Our human history is filled with folklore and stories to intrigue steadfast adventurers. Or perhaps you’ve recently seen Fantastic Beasts and Where to Find Them and you’ve got an appetite to go out into the world and find out where all those mythical beasts and monsters reside among us. Well, help is at hand. Fact or fiction, you can discover the places that inspire mystery, romance and the imagination. We’ve unearthed seven travel destinations full of interest to fans of myth and legend.
The Amazon, Brazil
The Amazon is a beautiful place, but it’s also a dangerous one. For hundreds of years tales abound of the Yacumama, an enormous 160 feet long serpent that sucks up, hoover-like, anything that dares to come within a few paces of it.
Meaning Mother of the Water, this snake-serpent skirts the Amazon River and the area’s offshoot waterways and lagoons, hunting for prey. As it prowls the Yacumama is said to literally make the earth move, causing mudslides, tremors and general chaos. With rumours of the vast snake dating back to indigenous South American cultures, the Yacumama is one of the oldest – and most dangerous – beasts in folklore.
A big part of Zulu, Pondo and Xhosa folklore, South Africans speak in hushed tones of the Impundulu, a bird the size of an adult that’s said to ‘keep watch’ over the country’s Eastern Cape.
Impundulu translates as ‘lightning bird’, because the mythological bird is said to be able to cause raging storms whenever it so wants – with a mere flick of its beak or flutter of its wings. The Impundulu has a dark side, too, and is also thought to be able to shape-shift – typically into a handsome man who seduces women – with an appetite for blood. You have been warned.
As travel experts Expedia show in their online map of mythical creatures from around the world, the unicorn has been rooted in Chinese mythology for hundreds of years. We introduce the so-called Qilin at this stage as you’d be forgiven for thinking all the world’s mythical creatures are malevolent and unkind. The Qilin is quite different in personality and temperance from the Impundulu and Yacumama – kind and wise, its main motive is to deliver messages of peace.
As a Buddhist symbol, the Qilin unicorn is often portrayed as walking on clouds – so it doesn’t have to harm blades of grass. Associated with greatness, the unicorn is said to appear at momentous moments, such as just before the death of a respected ruler.
The Yeti – Sherpa for ‘wild man’ – is one the our oldest and most fascinating folklore entries. For decades there have been reports of an ape-like man treading the snow-capped peaks of the Himalayas. Like many creatures from folklore, one reason for the Yeti’s existence is as a warning beacon. It’s thought tales of the Yeti were told in Himalayan communities as a way of warding people off from approaching wild animals.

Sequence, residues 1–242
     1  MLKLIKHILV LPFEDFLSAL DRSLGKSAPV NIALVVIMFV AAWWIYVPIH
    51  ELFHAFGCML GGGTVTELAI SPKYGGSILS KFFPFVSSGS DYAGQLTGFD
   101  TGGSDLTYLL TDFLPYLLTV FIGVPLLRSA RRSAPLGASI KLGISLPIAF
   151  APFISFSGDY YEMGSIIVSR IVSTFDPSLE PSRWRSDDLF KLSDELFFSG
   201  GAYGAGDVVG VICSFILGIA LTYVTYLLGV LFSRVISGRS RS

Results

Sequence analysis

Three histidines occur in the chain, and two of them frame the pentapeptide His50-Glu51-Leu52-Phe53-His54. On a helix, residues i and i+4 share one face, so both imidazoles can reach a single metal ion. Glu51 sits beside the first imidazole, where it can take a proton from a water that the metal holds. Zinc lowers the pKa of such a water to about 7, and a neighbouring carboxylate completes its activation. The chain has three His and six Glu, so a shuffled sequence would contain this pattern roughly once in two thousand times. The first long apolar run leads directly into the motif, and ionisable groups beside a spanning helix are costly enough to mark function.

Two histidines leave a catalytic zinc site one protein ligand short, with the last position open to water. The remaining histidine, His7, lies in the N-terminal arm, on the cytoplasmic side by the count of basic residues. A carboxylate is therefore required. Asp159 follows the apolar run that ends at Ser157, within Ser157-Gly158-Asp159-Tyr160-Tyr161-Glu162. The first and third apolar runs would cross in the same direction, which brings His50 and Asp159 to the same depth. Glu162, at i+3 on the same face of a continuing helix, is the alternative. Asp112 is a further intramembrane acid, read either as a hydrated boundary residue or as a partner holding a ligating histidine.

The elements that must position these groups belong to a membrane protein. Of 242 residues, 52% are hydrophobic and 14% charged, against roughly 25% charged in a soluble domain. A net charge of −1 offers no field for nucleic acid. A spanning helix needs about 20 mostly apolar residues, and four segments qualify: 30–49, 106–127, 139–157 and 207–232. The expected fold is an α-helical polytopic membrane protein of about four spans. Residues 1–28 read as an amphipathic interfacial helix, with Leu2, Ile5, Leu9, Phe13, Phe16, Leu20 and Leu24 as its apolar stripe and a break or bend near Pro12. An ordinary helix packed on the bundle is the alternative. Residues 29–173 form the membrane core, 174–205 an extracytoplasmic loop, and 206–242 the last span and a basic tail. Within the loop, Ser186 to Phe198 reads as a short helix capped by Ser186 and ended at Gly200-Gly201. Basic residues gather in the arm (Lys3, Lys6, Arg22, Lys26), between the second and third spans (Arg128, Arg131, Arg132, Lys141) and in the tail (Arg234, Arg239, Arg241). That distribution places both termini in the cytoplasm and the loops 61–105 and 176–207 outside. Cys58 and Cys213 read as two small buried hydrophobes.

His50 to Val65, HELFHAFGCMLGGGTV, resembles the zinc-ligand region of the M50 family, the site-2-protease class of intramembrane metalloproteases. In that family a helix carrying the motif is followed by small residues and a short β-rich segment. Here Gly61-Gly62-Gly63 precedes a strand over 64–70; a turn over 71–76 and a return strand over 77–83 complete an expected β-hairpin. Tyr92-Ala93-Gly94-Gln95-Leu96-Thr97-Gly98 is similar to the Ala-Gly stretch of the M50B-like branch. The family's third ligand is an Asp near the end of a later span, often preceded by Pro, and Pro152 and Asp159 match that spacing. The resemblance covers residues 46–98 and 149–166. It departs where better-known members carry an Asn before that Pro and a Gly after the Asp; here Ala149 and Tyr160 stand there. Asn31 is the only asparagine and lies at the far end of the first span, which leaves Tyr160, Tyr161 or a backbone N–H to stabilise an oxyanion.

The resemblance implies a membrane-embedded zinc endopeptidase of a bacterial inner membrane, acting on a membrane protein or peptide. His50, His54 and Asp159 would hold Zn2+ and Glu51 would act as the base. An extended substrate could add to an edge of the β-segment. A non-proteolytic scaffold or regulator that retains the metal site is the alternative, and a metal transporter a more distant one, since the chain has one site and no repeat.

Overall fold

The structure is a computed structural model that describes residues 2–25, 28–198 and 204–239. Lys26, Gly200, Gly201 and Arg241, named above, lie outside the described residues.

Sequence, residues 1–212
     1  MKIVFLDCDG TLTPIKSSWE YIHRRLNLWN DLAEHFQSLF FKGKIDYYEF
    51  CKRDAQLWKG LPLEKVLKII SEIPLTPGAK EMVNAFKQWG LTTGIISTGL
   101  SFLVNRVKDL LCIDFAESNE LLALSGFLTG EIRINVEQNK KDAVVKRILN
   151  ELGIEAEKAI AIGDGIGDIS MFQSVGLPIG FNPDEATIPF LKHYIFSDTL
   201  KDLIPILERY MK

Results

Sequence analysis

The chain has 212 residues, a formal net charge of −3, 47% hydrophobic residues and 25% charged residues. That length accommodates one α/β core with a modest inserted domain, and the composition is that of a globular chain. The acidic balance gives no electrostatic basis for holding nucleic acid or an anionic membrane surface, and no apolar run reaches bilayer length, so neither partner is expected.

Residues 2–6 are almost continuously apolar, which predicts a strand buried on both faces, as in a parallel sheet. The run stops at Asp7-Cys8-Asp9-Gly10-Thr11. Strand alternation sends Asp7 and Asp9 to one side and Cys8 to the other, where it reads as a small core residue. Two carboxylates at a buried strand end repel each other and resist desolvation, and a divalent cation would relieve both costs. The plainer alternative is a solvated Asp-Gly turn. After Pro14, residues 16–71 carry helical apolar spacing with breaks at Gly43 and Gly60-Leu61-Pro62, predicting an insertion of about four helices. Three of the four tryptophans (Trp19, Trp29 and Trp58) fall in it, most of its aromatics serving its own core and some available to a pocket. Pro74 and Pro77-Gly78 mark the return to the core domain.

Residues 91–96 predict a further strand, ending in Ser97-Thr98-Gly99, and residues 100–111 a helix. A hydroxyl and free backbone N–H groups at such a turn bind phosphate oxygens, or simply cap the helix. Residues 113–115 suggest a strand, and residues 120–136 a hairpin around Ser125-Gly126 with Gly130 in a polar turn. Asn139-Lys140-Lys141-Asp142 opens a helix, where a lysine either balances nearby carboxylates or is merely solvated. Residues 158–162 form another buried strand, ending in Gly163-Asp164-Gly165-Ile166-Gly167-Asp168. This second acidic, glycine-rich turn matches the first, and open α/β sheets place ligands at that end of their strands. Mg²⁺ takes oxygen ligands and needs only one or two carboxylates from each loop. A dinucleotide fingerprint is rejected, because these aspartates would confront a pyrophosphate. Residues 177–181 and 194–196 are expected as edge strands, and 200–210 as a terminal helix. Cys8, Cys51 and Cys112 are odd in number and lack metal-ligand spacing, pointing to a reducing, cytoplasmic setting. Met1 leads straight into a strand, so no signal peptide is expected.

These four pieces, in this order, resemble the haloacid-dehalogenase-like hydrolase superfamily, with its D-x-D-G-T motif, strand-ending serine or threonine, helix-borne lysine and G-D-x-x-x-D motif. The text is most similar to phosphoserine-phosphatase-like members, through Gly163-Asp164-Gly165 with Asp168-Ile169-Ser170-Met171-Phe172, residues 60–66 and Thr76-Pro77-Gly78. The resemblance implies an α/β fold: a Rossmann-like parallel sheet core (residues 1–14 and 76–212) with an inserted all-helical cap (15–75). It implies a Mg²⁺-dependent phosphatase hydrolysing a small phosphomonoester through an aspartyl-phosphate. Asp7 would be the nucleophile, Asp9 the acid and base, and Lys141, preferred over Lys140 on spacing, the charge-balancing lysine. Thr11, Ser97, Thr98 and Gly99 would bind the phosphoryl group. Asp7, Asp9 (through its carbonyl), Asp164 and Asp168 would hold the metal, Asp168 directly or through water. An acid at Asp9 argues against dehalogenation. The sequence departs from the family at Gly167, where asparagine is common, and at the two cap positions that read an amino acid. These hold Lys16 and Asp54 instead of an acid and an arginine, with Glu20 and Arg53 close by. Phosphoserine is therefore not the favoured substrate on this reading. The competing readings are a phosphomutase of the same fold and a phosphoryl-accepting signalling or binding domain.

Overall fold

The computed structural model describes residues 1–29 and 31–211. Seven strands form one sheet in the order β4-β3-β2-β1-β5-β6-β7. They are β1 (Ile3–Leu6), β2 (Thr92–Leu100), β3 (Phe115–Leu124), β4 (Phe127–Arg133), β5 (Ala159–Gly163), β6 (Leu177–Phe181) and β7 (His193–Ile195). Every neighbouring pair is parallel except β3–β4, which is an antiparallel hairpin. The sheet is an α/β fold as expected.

Like its cousins Bigfoot and Sasquatch, there have been countless claims to have seen the beast over the years, although little hard evidence has ever appeared – although, last year a team of leading international scientists used DNA analysis to determine whether there is any truth behind the stories.
The Loch Ness Monster
The most famous of all mythical creatures? Almost certainly. The earliest recorded account of Nessie was way back in the 6th century, when St Columba tasked one of his monks with swimming across the loch. As he did so, the monster reared its head, and Columba shouted at the creature: “Go no further, nor touch the man! Go back!” The rest is history. The Loch Ness Monster is well and truly mainstream, a bona fide household name.
In Greek mythology, the phoenix is portrayed as a phenomenally bright, golden-feathered firebird that, of course, is reborn by rising from the ashes of its forebears – coining the phrase ‘phoenix from the flames’ in the process. Beautiful and elegant, the phoenix transfixes all those who come across it – although chance would be a fine thing. It’s said that only one phoenix ever exists at any one time.
You can’t miss him. Standing 9 feet tall, large, hairy, with dark fur and skin, the gorilla-like Bigfoot isn’t backwards in coming forwards. One of the many ‘wild man’ stories that populate folklore, the creature is said to frequent Oregon. In fact, so sure are the locals that the beast exists that a tourist trail has been created – the Oregon Bigfoot Highway. Covered in a book by two adventurers, the route is formally known as Oregon’s National Scenic Byway No. 5, so it’s a perfect trip if you’re planning on car hire and a US road trip.
Written in partnership with Expedia